We killed the necromancer, who had filled us with dread for like 30 sessions, in like 3 rounds. Nobody took damage except for one guy who got drained two levels and who had been staunchly opposed to fighting this guy. (Sorry, dude.) But we are now even more ridiculously wealthy than we had been, and I’m sure fixing the level-drain will be fairly easy.
Plus I think some dude got it on with a Sphinx.
big bad encounter design in old-skool D&D
Both of these episodes are related.
What surprised me about the big fight with Strahd is that there was, in fact, no big fight with Strahd. We encountered him three times, and it was no biggie each time:
- Our scout teleported away without any lasting harm thanks to a magic item
- Our Assassin decapitated him with a single attack (no lasting harm to Strahd)
- Mule to the face! And then super-death.
- Before we got to Strahd the last time, we fought a Nightmare. The Nightmare put up a better fight.
My impression of this fight, and the hit on Ashur-Ram the necromancer, is that the Many versus One fight is really hard to get right in D&D. Either the adversary is going to be way out of your league, in which case you need to run like hell, or it’s a plausible foe at your level in which case the group of you will crush it easily.
Furthermore, in order to be taken seriously as a fictional adversary in the world of Dungeons & Dragons, you need to cast spells–which means that you can’t get punched in the face even once if you want to cast, but now there are like 4-8 people surrounding you.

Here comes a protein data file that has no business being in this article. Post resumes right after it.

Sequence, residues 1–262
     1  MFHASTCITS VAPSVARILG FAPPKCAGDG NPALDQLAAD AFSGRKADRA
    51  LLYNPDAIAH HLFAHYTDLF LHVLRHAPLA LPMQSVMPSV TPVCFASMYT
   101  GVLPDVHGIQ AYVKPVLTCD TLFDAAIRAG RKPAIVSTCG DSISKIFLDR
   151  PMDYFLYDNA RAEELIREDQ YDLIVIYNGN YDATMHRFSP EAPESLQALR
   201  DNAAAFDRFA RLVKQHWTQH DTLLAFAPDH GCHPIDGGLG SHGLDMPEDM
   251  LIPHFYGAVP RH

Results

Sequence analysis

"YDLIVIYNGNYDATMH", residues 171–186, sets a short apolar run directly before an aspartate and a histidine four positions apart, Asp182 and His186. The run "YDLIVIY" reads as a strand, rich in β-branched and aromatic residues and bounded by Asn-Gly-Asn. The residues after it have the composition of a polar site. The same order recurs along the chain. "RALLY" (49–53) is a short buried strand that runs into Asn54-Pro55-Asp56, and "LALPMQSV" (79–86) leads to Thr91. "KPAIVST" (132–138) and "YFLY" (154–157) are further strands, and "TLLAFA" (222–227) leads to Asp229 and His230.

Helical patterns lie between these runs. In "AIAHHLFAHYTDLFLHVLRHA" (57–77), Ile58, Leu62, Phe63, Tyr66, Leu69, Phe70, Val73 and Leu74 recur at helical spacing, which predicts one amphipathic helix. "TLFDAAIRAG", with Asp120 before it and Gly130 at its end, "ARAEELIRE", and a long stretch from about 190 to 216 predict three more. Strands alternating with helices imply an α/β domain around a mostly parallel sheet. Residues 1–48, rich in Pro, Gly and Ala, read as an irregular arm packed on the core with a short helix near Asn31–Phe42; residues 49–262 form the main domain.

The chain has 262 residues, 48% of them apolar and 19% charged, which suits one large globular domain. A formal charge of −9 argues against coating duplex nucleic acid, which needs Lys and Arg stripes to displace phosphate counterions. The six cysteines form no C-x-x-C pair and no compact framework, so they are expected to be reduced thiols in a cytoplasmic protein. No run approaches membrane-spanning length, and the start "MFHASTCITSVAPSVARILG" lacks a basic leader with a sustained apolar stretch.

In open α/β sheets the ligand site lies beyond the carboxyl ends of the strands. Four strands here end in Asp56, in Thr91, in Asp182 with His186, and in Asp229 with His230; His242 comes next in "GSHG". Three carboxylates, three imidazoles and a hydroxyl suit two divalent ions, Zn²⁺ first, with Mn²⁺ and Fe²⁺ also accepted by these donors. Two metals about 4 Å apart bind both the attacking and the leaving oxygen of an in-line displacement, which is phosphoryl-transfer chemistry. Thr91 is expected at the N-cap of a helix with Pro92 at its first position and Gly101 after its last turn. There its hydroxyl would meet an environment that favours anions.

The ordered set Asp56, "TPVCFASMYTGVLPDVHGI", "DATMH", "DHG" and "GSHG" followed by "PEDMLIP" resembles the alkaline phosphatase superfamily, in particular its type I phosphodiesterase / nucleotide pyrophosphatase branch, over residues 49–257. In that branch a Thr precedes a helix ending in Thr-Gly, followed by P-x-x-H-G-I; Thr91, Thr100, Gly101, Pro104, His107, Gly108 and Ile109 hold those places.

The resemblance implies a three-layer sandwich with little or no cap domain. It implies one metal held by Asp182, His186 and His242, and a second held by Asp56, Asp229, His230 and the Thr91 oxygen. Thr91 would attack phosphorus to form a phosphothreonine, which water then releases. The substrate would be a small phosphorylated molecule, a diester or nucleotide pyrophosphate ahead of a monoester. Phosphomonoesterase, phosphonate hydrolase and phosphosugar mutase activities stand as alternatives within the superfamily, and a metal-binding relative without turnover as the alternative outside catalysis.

The Nightmare alluded to above was pretty much Many versus One (there were some Hellhound minion-types), but the Nightmare had the advantage of an insanely low Armor Class (like -4 or -5) plus an aura of nausea that made it even harder to hit. As a result, the Nightmare could afford to stick around for a while and dish out damage. I realized after leaping onto its back to attempt to tame it that it could run away to some Hell-Plane any time it wished and simply ditch me there, so in trying to avoid its weaker attack I accidentally opened up its special killer move.
But Strahd, and the poor Necromancer, didn’t have great defenses (anti-magic would have worked as well) or an infallible yet deadly escape plan. Run like hell.
So how do you make the Many versus One fight work?
My advice would be: you don’t. Give the Boss Bad Guy a retinue of henchmen, maybe appropriate to the Charisma score, and have them follow the Boss around at all times. (Works for world leaders!) And failing that, no enemy of any brains will stick around to fight on someone else’s terms: if you’re caught at a disadvantage–like, say, eight adventurers crash a spaceship into your bunker and polymorph your Dragon into a flounder–then you retreat, regroup, and get revenge at a time of your choosing. As someone said at the end of the Necromancer caper, by the time the adventurers reach your throne room, you’ve already lost.
Extremely intelligent NPC’s should probably auto-fail their morale checks in such circumstances, and should think twice before attempting to negotiate with murder hobo’s for safe passage.